On Tuesday, the House attempted to push the Vice President and Cabinet to remove Donald Trump from his post, considering him a threat to democracy.
Just ahead of his leaving for Texas, Donald Trump told the press the impeachment is “a really terrible thing that they're doing," which brings “tremendous anger" in the nation, however, he wants “no violence.”
The president did not answer the reporters’ questions.
The House will discuss the impeachment resolution on Wednesday, and the only charge Donald Trump faces is "incitement of insurrection."
The accusation came after the Capitol riots last week, which resulted in four deaths and damaged state properties. Following the events, the FBI warned of armed protests in all US states and called for tightened security measures on Inauguration Day.
Meanwhile, Democrats and a growing number of Republicans are ready to declare that Trump is unfit for office.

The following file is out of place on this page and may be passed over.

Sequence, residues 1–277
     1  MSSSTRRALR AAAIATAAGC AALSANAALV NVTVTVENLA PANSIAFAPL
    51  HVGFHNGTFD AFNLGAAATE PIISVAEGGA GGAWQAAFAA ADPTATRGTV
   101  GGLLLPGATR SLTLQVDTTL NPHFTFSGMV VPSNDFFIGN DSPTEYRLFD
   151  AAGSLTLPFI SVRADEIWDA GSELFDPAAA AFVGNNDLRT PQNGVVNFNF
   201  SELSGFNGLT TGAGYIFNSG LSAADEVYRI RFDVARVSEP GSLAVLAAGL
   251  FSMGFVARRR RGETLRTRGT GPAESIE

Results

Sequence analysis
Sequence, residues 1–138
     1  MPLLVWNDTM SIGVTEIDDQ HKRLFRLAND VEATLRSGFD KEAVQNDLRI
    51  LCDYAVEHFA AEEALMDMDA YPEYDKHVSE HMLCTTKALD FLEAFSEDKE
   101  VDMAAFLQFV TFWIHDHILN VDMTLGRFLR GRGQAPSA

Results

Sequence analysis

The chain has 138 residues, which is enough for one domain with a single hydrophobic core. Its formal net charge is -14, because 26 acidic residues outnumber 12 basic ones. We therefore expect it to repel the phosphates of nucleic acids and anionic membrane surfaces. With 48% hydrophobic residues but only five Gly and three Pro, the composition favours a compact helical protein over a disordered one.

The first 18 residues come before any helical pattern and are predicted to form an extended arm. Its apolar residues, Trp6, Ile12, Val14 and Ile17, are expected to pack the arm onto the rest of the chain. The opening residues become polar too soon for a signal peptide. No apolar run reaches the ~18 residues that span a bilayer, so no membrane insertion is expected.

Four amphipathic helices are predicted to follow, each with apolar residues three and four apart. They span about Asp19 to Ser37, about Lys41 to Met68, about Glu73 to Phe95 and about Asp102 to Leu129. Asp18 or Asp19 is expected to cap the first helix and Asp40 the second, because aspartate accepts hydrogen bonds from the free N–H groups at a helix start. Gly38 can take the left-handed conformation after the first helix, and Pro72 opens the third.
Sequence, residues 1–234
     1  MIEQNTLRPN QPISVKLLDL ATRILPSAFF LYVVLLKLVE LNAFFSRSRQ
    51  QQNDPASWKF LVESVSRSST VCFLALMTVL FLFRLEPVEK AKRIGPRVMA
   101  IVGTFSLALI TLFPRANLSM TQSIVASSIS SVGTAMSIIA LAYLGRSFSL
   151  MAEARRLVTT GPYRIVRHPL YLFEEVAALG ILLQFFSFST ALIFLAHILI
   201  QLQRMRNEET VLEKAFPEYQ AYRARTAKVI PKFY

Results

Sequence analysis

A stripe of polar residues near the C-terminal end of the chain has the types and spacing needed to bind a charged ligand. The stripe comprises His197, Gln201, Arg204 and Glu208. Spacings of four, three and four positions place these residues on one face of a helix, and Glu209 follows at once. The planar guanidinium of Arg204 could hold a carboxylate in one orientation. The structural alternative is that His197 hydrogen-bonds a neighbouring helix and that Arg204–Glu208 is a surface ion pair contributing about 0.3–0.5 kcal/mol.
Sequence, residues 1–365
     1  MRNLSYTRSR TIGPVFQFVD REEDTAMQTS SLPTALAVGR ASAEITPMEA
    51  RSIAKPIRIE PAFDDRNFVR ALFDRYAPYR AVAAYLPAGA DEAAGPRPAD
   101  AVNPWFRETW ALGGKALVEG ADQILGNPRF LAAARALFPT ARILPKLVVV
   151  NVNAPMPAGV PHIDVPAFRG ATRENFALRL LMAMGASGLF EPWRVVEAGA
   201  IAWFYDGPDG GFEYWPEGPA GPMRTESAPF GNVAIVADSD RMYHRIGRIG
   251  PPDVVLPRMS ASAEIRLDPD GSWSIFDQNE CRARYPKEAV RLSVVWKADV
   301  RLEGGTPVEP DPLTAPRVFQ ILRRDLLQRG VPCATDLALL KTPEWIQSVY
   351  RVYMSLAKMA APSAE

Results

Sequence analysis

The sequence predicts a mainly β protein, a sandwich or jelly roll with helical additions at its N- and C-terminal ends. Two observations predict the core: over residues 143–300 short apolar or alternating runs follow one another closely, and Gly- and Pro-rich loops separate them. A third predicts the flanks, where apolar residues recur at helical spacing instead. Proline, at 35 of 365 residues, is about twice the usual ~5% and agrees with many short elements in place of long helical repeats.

On Monday, all members of the Congressional Hispanic Caucus supported the impeachment, stating that “every moment Trump remains in office, America is at risk” and adding that the president "must be held accountable” for his actions.
According to an anonymous source, Rep. Liz Cheney also urged her GOP colleagues to “vote your conscience,” criticizing Donald Trump's actions.
During the weekend, Sen. Pat Toomey backed up Sen. Lisa Murkowski in calling for Trump to “go away as soon as possible.”
A senior official reported that Trump and Pence had their first meeting after the Capitol siege, having a “good conversation” to continue working for the rest of their terms.
At this point, vice president Pence has not indicated that he would invoke the 25th Amendment to remove Trump from office.
On Monday, the President-elect Joe Biden said that despite the FBI’s security alert, he was “not afraid” of taking the oath of office at the Capitol and added that it is essential for the protesters who engaged in the Capitol attack to “be held accountable” for their actions.